# Proving a Trigonometric Identity

1. Feb 28, 2015

### einstein314

1. The problem statement, all variables and given/known data

Prove that:

$\cos^6{(x)} + \sin^6{(x)} = \frac{5}{8} + \frac{3}{8} \cos{(4x)}$

2. Relevant equations

I am not sure. I used factoring a sum of cubes.

3. The attempt at a solution

I tried $\cos^6{(x)} + \sin^6{(x)} = \cos^4{(x)} - \cos^2{(x)} \sin^2{(x)} + \sin^4{(x)}$. But I can't get anywhere beyond this; I must be missing something obvious.

2. Feb 28, 2015

### HallsofIvy

Staff Emeritus
Sounds good to me! Now, you might try factoring "$cos^2(x)$ out of the first two terms: $cos^2(x)(cos^2(x)- sin^2(x))+ sin^4(x)= cos^2(x)cos(2x)- sin^4(x)$ see where you can go from that.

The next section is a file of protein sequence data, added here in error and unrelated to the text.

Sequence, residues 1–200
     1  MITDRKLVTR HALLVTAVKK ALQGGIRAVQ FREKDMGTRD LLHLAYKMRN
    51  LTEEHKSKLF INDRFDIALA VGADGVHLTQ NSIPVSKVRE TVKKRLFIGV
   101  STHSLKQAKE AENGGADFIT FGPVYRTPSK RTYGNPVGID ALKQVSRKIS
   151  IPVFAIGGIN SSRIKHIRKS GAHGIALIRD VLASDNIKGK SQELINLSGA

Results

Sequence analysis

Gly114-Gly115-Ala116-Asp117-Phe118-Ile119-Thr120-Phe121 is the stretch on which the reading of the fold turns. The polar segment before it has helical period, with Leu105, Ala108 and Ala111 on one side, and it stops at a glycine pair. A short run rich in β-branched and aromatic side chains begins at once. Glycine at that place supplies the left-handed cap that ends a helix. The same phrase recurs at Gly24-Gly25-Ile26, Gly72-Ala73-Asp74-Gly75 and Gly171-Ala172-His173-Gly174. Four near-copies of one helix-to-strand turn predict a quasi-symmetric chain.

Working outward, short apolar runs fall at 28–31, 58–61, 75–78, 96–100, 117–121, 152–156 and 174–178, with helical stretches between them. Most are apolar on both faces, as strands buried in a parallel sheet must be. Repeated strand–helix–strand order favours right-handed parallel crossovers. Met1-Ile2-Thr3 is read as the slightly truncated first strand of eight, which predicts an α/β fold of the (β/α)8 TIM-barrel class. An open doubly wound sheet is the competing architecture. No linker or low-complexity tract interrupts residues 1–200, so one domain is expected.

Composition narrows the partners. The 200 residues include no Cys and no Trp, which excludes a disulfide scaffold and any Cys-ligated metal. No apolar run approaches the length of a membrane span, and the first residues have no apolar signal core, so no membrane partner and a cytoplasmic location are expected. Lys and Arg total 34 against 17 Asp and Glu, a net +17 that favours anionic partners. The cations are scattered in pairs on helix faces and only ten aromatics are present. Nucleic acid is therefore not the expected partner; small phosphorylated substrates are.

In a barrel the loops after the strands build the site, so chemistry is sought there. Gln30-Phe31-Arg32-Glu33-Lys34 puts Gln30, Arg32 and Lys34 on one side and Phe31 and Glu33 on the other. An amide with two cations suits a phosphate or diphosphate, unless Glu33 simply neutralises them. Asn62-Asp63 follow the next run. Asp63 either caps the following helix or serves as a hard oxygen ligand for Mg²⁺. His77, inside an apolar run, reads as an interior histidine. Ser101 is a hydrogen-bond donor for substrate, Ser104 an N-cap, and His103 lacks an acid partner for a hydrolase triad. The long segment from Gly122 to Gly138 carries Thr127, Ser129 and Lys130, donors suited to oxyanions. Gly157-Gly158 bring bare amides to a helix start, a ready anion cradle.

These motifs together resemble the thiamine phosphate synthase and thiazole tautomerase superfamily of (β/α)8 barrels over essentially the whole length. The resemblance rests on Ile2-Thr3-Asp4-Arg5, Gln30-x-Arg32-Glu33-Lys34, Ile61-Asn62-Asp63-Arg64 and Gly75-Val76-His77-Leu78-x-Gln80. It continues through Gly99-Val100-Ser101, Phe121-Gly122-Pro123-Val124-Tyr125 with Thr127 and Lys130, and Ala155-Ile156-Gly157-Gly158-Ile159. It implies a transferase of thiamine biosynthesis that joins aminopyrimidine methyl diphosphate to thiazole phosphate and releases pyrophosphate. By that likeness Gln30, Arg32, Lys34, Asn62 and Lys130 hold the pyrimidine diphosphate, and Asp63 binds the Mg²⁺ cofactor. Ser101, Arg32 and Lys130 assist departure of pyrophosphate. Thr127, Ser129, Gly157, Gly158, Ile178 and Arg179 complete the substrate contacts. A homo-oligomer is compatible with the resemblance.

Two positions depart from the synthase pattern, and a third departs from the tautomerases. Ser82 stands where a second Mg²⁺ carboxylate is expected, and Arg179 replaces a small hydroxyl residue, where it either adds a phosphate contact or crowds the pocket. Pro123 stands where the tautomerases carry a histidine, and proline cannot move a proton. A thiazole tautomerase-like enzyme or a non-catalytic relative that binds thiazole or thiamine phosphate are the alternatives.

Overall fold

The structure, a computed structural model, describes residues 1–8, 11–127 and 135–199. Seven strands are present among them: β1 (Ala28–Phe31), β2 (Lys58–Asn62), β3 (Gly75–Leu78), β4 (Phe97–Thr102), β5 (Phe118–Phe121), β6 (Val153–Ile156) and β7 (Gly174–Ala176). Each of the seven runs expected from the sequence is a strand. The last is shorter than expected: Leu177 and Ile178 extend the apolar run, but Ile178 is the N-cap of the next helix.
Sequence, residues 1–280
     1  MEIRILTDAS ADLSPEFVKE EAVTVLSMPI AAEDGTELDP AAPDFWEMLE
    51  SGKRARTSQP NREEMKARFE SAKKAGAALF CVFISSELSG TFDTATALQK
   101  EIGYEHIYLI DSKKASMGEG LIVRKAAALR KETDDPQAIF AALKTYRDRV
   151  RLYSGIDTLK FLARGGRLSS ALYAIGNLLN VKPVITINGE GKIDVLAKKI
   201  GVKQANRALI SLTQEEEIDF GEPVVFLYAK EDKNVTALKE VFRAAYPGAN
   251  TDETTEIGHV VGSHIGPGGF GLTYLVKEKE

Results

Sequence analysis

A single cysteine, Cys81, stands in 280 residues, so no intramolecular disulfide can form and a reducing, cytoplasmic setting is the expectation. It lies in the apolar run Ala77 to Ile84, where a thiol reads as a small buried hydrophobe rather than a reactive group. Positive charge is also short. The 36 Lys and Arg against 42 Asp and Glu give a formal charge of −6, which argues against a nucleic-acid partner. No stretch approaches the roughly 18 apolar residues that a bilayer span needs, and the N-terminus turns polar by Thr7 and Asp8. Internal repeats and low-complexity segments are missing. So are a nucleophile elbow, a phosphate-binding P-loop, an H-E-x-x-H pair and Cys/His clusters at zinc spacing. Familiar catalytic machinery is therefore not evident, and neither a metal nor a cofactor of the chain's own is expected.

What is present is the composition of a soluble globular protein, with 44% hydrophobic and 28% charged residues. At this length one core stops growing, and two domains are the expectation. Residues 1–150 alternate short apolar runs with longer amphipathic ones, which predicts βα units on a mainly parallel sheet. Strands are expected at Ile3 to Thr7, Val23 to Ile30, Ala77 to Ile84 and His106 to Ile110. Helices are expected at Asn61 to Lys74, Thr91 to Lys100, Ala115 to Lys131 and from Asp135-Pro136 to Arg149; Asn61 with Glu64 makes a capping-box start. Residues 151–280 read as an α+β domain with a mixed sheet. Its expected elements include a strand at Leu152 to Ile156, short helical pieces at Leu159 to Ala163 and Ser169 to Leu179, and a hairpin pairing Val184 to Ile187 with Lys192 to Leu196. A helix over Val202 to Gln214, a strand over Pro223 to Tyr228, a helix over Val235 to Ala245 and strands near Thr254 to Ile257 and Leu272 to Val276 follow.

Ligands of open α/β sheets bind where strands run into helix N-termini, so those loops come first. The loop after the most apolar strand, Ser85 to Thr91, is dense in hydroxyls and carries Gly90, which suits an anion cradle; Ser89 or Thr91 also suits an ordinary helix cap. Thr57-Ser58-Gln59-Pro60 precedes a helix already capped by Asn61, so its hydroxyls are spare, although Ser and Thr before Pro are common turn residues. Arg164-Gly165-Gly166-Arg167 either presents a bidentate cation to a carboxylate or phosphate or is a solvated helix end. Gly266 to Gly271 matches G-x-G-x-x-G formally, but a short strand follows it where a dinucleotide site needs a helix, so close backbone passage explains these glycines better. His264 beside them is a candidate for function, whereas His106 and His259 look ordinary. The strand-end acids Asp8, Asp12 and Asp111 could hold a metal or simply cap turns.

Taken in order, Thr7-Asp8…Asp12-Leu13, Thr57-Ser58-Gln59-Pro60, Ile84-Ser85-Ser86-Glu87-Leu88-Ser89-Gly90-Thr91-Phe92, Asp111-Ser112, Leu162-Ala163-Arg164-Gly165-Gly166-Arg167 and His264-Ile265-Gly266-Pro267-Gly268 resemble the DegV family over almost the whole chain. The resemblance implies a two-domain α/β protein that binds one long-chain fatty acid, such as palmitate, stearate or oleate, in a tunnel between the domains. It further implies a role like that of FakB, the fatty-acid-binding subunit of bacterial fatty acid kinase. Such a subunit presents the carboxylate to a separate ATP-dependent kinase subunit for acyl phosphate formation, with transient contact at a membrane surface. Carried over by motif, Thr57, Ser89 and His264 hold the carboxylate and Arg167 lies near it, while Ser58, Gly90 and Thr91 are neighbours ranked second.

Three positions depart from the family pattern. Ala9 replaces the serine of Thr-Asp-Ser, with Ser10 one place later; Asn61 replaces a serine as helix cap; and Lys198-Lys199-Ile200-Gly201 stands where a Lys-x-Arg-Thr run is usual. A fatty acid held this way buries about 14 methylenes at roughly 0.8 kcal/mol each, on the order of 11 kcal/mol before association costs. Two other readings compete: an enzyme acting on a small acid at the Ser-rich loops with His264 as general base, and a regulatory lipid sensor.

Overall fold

3. Feb 28, 2015

### Simon Bridge

Id normally just throw the euler formula at these things ... unless I had an already proved identity I could use.

4. Feb 28, 2015

### SammyS

Staff Emeritus
Although, x2 - xy + y2 cannot be factored (over the reals), x4 - x2 y2 + y4 can be factored .

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5. Feb 28, 2015

### SteamKing

Staff Emeritus
Rather than attacking the LHS of the identity, I would prefer to look at the expression cos (4x) instead. The multiple angle formulas for cosine I think would be more helpful here than trying to factor polynomials.

6. Mar 2, 2015

### haruspex

The 4x on the right, and the 8s in the denominators, are strong clues. Do you know how to expand cos(2x) in terms of cos(x) and sin(x)? Just apply that (in reverse) a couple of times.

Edit... SteamKing's (equivalent) post wasn't there when I hit reply, even though it seems to have been made hours earlier. Strange.